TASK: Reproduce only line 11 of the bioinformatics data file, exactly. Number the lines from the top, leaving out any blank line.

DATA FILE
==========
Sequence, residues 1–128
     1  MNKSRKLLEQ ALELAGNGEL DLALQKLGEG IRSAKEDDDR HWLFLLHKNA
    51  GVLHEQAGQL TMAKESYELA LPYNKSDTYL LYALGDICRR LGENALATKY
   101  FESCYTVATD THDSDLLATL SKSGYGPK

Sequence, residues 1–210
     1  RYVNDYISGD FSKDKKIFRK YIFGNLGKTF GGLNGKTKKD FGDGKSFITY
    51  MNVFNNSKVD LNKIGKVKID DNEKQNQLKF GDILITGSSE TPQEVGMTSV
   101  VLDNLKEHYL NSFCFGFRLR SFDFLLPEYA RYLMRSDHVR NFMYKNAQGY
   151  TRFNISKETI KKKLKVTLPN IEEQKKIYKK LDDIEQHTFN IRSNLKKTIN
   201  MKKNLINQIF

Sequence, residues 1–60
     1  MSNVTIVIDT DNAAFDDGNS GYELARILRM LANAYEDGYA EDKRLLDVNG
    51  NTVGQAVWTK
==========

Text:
Sequence, residues 1–60